This blog post was supposed to be a brief report about the past APEX Alpe Adria conference which I was lucky enough to attend. But when I composed its plan, I realised that it is not going to be that brief. I warned you.
For those who are not brave enough to read the full version, I can only say - it was totally worth it. There was not a moment when I thought it was waste of anything. The only thing which was dissapointing me during the event, was the fact it was only a one-day conference and I would have to come back home in a very short while. Answering the question if I would like to attend this conference again the next year, I am definitely saying 'Absolutely!'. Intriguing? If so, read further to find out why.
Ask An Ace Session
It all began with an informal meeting of all who wanted to ask their questions to the Aces. But before that we met each other. I must say I didn't expect such a warm welcome of myself. Quite a list of people approached me and asked - 'Yay, are you that guy from Siberia, Russia, who finally came here? I want to shake your hand!'. One of those who did so was Joel Kallman himself and I was really happy to meet him in person as well. He turned out to be a very smart and nice person, I must say, though he seems quite serious on the profile photo on Twitter. Hope I made a good impression of myself too.
Then with the accompaniment of some beverages, the official part of Ask An Ace session started. I don't remember all the questions, but can tell about some of them:
- Then one of my favourite questions was by Niall Mc Phillips - he asked about managing APEX applications versions and collaborative work using version control systems. Actually, this question emerges every time when it comes to APEX development, and the topic is a bit undertold. The word was taken by Patrick Wolf, one of the APEX core developer, who shared some quite interesting information about the matter - he told us that they think in Oracle what they could do here, but they are not sure whether it should be the traditional way of storing source files under a version control system. He then clarified - this 'version management' feature can be implemented on different levels - and the source file level is only one of the options. And not the best one if we talk about a low-code platform like APEX. Another way mentioned is to add something on the application level, but what exactly is not decided yet. And since they didn't want to add this feature 'just for a tick', but to implement a truly useful 'version management' way in APEX, we need to wait a bit more. And this is quite exciting, isn't it?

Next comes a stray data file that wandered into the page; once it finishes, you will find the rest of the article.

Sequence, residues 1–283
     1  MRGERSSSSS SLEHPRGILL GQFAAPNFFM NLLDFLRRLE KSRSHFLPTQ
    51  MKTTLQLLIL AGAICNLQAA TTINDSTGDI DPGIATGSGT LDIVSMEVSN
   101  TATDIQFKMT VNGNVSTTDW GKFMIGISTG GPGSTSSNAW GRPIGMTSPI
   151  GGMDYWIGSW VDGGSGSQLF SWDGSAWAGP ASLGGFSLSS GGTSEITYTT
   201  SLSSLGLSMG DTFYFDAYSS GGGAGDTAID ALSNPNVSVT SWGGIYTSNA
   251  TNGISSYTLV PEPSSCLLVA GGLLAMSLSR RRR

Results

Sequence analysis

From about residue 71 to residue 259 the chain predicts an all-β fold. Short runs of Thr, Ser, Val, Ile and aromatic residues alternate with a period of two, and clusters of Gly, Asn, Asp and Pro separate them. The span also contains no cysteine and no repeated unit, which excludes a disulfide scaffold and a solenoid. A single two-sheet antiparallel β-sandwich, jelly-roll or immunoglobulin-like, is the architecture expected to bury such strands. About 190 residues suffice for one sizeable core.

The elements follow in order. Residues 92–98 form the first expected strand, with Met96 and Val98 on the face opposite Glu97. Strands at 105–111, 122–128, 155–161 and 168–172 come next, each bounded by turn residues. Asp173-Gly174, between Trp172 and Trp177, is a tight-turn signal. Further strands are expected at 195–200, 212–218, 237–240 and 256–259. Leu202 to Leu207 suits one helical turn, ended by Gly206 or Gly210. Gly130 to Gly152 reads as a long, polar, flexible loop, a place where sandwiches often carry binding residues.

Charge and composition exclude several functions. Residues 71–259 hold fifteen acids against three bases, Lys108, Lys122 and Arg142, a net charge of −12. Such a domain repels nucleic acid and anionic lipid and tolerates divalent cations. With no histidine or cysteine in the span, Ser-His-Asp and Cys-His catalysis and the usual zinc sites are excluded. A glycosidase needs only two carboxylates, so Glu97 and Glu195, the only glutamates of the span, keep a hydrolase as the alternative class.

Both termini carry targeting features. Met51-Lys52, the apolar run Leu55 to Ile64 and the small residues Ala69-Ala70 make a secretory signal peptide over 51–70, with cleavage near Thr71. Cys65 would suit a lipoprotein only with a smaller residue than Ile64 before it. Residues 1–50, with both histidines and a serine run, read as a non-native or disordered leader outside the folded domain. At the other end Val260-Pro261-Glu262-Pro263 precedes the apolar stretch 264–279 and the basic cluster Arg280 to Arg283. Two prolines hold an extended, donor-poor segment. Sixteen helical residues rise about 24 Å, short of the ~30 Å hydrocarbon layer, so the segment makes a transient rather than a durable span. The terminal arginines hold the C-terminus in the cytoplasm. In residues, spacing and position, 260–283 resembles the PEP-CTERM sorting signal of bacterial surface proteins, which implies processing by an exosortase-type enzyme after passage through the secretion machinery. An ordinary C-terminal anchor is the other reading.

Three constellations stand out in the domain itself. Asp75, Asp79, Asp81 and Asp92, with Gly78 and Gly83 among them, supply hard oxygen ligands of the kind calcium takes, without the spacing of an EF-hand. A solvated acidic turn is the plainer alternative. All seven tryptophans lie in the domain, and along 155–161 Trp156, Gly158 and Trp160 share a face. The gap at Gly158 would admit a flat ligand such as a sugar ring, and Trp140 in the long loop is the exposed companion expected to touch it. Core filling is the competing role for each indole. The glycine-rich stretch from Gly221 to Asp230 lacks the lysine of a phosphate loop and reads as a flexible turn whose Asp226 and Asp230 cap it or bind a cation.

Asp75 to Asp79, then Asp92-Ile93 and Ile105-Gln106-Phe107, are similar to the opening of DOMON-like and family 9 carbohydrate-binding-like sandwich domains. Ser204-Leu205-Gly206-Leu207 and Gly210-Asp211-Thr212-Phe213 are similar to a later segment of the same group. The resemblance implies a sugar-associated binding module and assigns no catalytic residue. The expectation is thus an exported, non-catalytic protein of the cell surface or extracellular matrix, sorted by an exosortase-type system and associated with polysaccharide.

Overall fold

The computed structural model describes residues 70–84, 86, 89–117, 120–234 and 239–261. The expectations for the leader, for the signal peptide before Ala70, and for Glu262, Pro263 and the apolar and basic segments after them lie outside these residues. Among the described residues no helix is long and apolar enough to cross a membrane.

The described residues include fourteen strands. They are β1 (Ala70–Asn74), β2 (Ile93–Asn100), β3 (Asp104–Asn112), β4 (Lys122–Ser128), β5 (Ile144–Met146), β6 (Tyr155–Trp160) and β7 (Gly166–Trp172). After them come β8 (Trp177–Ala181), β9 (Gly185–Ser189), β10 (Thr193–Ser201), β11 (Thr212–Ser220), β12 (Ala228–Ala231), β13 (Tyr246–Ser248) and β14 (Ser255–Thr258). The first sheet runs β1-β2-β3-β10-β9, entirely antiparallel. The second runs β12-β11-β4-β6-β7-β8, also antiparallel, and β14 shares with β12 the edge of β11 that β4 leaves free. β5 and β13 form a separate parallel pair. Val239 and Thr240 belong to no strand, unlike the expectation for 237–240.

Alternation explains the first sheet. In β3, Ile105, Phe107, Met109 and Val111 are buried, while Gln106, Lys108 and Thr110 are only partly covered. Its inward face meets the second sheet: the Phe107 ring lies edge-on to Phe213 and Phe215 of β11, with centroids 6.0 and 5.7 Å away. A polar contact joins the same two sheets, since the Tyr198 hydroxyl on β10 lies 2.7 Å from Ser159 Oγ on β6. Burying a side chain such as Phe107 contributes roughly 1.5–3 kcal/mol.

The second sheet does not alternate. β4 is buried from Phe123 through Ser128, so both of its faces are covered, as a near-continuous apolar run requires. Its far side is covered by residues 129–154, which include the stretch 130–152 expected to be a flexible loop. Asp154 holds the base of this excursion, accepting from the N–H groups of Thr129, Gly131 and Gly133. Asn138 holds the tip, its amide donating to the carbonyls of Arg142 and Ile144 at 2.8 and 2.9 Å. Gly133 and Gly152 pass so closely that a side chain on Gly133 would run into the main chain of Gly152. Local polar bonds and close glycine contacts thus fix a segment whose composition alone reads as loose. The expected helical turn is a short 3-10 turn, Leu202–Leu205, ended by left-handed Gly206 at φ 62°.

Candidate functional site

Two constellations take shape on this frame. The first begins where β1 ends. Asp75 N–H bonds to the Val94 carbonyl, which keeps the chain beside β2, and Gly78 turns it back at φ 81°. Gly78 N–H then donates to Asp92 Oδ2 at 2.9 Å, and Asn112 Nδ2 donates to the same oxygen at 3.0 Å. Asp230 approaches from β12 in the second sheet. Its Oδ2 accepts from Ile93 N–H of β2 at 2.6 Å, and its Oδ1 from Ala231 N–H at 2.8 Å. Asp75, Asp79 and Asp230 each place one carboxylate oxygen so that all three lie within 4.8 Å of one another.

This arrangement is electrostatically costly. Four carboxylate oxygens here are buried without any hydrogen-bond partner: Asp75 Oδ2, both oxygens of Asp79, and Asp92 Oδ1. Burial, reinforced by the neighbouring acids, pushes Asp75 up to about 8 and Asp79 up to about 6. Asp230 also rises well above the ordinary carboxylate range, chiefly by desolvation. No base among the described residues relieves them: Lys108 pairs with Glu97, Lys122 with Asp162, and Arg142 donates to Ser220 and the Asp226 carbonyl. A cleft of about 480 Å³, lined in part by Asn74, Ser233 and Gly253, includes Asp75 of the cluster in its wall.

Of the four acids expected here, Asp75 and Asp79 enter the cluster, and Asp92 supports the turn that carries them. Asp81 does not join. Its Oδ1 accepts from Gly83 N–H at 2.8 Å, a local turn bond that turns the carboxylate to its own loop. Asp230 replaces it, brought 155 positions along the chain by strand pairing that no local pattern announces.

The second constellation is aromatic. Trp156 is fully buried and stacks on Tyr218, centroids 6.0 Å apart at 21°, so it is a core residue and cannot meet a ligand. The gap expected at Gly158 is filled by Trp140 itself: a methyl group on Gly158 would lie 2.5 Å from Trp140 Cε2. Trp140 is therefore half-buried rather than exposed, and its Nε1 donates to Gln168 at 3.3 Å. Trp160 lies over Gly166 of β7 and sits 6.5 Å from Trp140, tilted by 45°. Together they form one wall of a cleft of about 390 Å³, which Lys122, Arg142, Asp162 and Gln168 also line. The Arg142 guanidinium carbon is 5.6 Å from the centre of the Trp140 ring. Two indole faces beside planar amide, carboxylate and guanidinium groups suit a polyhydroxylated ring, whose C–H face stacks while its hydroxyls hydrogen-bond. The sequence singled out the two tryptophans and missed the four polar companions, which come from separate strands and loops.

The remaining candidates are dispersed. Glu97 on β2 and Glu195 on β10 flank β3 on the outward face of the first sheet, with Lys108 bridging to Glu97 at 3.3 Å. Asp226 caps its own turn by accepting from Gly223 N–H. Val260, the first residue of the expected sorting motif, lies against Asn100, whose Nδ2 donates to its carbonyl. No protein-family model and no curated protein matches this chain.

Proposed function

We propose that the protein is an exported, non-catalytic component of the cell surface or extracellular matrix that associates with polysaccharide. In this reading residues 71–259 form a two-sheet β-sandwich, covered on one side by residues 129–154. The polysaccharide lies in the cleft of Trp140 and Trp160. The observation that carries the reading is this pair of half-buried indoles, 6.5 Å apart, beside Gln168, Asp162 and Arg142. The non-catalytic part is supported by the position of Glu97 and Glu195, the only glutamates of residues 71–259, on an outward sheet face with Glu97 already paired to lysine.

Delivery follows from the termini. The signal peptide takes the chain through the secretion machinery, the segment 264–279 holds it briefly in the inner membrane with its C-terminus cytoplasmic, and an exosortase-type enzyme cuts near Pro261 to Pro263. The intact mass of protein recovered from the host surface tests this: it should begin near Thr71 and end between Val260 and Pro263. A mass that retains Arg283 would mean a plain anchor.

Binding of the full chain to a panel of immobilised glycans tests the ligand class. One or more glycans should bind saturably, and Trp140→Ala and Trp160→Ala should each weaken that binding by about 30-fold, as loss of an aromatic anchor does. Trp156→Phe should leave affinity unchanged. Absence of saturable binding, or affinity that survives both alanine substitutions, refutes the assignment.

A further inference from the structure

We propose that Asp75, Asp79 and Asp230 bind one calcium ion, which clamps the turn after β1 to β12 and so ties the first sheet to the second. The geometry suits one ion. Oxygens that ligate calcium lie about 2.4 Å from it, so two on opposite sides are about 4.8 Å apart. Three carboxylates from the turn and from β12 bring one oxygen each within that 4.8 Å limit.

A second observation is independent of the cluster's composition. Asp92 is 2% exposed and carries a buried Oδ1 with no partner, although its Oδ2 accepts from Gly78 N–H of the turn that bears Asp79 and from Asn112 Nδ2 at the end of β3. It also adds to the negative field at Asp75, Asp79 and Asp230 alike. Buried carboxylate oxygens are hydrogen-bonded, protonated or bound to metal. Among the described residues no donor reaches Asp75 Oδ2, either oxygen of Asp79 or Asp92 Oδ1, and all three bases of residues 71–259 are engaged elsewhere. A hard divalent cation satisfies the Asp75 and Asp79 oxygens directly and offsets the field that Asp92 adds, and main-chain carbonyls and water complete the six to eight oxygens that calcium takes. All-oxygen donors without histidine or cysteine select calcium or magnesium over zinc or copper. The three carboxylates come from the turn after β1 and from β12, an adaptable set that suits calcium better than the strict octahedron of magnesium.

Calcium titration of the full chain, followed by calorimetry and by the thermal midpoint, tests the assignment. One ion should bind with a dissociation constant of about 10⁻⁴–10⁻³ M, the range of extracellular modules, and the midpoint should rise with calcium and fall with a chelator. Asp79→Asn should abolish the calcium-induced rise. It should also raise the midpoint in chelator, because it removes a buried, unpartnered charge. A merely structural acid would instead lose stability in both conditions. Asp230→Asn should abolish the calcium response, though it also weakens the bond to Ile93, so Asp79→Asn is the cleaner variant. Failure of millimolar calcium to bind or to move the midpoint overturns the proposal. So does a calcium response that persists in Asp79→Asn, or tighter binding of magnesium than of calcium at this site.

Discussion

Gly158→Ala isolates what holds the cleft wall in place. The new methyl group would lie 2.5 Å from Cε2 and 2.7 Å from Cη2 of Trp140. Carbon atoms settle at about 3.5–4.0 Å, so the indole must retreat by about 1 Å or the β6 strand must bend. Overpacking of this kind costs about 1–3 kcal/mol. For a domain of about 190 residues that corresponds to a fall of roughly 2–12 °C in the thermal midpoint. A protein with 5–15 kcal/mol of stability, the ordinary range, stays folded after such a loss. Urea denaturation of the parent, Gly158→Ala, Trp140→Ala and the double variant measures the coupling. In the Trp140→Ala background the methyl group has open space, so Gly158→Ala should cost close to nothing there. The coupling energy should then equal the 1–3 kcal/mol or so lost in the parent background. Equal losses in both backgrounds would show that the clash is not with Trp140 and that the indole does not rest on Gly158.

- One of the last questions was about future telling - a guy from Serbia (as far as I remember) asked if APEX is reliable enough to dedicate yourself to it from different perspectives. Is it worth adopting it for a developer? Is and will it be in demand by customers? And of course there wasn't an absolute answer on all this - because nobody was a true oracle despite the fact we all work with the Oracle software. However, the Aces were quite confident with the technology future - indeed, APEX has turned 18 recently (come on, in most countries this is the legal age), and it is still being actively developed. Low-code approach and platforms are trending nowadays and this is not surprising - it was always a dream of any customer - to do more in less time. And we should not forget about the fact that APEX is a totally free addition for all current Oracle Database users. It means if you have the database, then you already have APEX (maybe not the latest version, but this is fixable) - just start using it (if you don't know how, ask me about it). So, keeping all these in mind, I personally think APEX has some potential.